Embodied Education: Practicing Love of God

embodied education

In a lecture some years ago, Sir Ken Robinson suggested that educators are people who live in their heads, and slightly to one side. The only reason they have bodies, he deadpanned, is to carry around these lopsided heads. An educator himself, Robinson was poking fun at the tendency in academic settings to develop intellectual capacities to the neglect of other capacities, resulting in a significant disconnect from real life.

Recognizing the limitations of the sort of education that focuses only on intellectual capacities, Faith Builders has kept a strong emphasis on doing and being, along with classroom learning. Hence our motto: “Head, Heart, and Hands.” We do have classes that inform the head. And we have mentoring that shapes the heart. Apprenticing is our attempt to train the hands. We believe students need more than book learning and class lectures to become worthy teachers and faithful servants. We believe that our responsibility as educators, in other words, extends beyond the classroom and into the practices of our students.

So we begin each academic year with a four-week Apprenticing Term. Teacher apprentices work beside experienced teachers in the week before FBCS starts. They help to set up for opening day. They participate in the back-to-school picnic. They get instruction and practice in lesson planning. The first three weeks of school, then, TAP students teach, while peers and experienced teachers observe, evaluate, and coach. After Apprenticing Term is completed and Fall Semester begins, students in the Teacher Apprenticing Program teach a required amount of classes through the school year.

While this “hands” part of training produces a good bit of sweat and sometimes tears, we believe it also provides realism and encourages humility. Students get first-hand experience along with valuable coaching as they practice the things they are learning. The apprenticing side of the Christian Ministries and General Studies tracks has been more challenging to implement. Because Faith Builders operates a Christian school, we can supervise all the apprenticing of TAP students. We do not operate other ministries, however, in which to submerge students in ministry apprenticing.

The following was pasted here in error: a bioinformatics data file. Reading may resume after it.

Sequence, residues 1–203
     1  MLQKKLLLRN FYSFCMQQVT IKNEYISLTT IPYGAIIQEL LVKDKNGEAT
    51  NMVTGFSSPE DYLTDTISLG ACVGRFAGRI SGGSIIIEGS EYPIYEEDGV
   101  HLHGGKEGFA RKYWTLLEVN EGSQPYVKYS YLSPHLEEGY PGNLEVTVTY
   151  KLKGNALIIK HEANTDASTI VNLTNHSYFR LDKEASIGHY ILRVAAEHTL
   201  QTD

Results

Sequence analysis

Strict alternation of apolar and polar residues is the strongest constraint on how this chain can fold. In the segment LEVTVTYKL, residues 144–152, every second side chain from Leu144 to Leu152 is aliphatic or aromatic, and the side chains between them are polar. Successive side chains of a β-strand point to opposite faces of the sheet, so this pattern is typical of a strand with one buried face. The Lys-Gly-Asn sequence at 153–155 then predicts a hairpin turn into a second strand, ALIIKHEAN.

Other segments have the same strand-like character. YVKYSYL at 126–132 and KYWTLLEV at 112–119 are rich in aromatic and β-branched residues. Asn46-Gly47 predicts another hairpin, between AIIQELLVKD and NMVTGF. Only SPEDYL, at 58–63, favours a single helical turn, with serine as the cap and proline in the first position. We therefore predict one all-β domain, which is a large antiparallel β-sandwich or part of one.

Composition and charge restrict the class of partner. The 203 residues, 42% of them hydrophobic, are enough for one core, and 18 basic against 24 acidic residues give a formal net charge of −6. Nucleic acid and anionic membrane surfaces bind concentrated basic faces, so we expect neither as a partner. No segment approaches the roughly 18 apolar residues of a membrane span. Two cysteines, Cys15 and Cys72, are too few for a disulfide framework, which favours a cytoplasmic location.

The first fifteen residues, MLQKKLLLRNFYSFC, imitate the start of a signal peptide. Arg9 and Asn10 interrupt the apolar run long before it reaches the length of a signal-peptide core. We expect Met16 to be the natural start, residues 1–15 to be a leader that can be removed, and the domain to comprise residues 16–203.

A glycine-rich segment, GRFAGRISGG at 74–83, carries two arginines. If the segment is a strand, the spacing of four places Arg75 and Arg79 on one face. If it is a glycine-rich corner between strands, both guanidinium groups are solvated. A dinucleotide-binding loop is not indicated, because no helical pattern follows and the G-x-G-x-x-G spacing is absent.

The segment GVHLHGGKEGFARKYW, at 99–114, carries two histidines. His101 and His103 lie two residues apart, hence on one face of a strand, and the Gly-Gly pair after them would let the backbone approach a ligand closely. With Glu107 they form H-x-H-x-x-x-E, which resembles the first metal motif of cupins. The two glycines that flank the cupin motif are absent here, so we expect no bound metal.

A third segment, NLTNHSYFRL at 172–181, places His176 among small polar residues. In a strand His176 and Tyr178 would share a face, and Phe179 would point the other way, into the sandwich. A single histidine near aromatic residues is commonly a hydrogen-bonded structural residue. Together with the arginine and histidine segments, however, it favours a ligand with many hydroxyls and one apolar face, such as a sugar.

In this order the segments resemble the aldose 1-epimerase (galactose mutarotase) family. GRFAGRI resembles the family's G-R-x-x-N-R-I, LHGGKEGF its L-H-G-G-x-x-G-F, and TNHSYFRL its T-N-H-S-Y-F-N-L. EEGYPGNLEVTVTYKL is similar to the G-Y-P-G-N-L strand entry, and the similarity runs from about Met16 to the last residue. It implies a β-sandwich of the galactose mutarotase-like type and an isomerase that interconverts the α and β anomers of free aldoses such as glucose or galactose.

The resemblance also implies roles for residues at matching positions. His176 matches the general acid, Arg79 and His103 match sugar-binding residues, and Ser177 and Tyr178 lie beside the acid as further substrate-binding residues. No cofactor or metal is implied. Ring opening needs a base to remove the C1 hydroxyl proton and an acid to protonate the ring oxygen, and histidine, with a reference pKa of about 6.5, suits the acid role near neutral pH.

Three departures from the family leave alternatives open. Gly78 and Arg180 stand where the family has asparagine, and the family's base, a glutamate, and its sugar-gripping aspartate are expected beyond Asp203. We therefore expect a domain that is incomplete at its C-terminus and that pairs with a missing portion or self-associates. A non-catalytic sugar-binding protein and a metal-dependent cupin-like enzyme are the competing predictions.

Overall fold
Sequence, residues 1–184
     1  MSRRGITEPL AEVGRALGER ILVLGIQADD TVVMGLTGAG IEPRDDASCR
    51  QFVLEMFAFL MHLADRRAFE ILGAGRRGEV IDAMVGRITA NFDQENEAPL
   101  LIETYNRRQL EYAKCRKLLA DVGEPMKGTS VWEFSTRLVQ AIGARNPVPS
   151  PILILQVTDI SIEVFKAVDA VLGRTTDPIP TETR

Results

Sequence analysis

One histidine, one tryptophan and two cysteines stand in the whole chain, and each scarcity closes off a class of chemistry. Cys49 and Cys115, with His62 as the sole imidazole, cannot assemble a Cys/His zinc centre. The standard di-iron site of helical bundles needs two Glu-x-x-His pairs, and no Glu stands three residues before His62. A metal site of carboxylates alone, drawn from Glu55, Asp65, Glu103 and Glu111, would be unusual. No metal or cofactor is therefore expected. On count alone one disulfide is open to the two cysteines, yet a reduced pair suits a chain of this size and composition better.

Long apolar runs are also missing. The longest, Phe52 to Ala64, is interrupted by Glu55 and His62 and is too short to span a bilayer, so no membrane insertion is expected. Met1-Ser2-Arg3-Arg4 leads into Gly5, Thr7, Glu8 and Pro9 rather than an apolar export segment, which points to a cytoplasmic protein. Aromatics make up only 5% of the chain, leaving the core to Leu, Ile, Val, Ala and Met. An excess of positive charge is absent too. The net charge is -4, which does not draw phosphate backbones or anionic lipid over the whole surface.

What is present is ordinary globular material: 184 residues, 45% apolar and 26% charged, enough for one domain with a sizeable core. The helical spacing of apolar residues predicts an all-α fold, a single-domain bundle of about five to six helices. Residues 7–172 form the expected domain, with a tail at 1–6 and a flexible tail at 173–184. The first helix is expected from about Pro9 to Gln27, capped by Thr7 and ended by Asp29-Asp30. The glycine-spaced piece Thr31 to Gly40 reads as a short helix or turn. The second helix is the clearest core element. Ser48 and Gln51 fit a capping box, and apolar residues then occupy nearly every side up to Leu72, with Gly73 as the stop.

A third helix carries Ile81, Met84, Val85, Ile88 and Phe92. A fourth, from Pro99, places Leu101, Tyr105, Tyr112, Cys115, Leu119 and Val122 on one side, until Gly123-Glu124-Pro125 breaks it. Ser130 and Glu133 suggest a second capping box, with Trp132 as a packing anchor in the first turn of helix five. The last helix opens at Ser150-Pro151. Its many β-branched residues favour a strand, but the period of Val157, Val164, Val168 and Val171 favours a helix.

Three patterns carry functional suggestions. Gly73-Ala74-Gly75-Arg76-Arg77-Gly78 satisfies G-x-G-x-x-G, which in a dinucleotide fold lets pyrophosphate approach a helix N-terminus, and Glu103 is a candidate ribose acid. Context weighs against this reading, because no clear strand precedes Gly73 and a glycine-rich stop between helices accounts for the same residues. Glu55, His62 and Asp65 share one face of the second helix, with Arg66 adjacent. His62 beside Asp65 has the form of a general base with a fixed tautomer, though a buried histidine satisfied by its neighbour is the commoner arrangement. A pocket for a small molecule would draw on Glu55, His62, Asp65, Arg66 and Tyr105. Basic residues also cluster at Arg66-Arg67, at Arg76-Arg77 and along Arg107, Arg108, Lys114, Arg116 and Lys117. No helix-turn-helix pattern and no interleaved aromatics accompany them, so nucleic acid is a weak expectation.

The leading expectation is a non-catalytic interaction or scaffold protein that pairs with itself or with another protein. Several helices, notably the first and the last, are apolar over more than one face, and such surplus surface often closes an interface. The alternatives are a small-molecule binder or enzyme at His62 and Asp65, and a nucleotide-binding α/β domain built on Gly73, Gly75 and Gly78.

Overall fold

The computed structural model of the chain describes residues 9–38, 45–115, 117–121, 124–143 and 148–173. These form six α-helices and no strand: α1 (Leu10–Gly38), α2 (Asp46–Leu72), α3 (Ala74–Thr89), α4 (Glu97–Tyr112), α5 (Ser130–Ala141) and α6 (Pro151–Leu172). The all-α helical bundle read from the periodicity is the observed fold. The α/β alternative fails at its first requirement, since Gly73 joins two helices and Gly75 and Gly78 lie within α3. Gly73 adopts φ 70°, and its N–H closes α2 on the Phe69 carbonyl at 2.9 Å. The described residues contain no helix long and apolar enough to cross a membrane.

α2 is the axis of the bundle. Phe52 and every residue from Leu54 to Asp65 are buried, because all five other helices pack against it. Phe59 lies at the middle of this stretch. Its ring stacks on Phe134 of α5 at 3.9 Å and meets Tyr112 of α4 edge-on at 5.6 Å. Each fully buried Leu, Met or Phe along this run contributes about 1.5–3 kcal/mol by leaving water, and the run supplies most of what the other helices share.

For some years our approach has been to expose ministry students to a variety of ministries, requiring them to serve in soup kitchens, food pantries, pregnancy centers, city ministries, rescue missions, prison ministries, kids clubs, and work projects for elderly, handicapped, and single people in our community. While this offers exposure to many kinds of ministry and often does put students out of their comfort zone, we have found it difficult to provide the robust evaluation and feedback that apprenticing deserves. This fall we are making changes in apprenticing our Christian Ministry and General Studies students. We will focus the apprenticing experience on three ministry skills: teaching the Bible, cross-cultural communication, and servanthood. We believe these skills are necessary wherever Christians serve. The training will include classes, teaching Sunday school, identifying and meeting specific needs, practicing conversations with strangers, and engaging in prison ministry.

Pray with us that not only the intellect but also the hands of God’s workers will be prepared to serve effectively in schools, in the church, and in ministries throughout the world.

John Coblentz
Campus Pastor and Instructor

Our track completion worksheets, listed here, provide an overview of the apprenticing requirements we require of our students.